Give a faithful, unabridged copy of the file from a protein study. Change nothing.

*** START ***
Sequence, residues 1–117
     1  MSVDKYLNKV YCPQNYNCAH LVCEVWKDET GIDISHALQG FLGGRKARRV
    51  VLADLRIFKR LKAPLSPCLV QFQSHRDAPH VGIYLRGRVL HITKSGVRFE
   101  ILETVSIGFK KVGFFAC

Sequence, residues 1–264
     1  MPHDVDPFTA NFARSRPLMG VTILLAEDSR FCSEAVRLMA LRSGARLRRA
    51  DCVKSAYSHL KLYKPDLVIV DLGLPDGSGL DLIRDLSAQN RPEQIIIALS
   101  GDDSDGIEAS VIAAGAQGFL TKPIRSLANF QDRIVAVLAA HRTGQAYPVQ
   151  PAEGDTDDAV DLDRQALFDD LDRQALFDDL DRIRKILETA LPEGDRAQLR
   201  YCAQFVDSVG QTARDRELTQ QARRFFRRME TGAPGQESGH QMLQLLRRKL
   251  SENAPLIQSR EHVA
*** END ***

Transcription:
Sequence, residues 1–117
     1  MSVDKYLNKV YCPQNYNCAH LVCEVWKDET GIDISHALQG FLGGRKARRV
    51  VLADLRIFKR LKAPLSPCLV QFQSHRDAPH VGIYLRGRVL HITKSGVRFE
   101  ILETVSIGFK KVGFFAC

Sequence, residues 1–264
     1  MPHDVDPFTA NFARSRPLMG VTILLAEDSR FCSEAVRLMA LRSGARLRRA
    51  DCVKSAYSHL KLYKPDLVIV DLGLPDGSGL DLIRDLSAQN RPEQIIIALS
   101  GDDSDGIEAS VIAAGAQGFL TKPIRSLANF QDRIVAVLAA HRTGQAYPVQ
   151  PAEGDTDDAV DLDRQALFDD LDRQALFDDL DRIRKILETA LPEGDRAQLR
   201  YCAQFVDSVG QTARDRELTQ QARRFFRRME TGAPGQESGH QMLQLLRRKL
   251  SENAPLIQSR EHVA